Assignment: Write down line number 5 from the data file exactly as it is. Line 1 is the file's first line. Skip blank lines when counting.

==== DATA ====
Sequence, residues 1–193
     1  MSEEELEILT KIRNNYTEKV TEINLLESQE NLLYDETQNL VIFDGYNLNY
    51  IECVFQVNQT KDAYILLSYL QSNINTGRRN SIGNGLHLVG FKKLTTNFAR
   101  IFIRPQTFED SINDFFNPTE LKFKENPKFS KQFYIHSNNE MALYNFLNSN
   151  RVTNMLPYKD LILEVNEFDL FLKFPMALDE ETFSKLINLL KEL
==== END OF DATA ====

   151  RVTNMLPYKD LILEVNEFDL FLKFPMALDE ETFSKLINLL KEL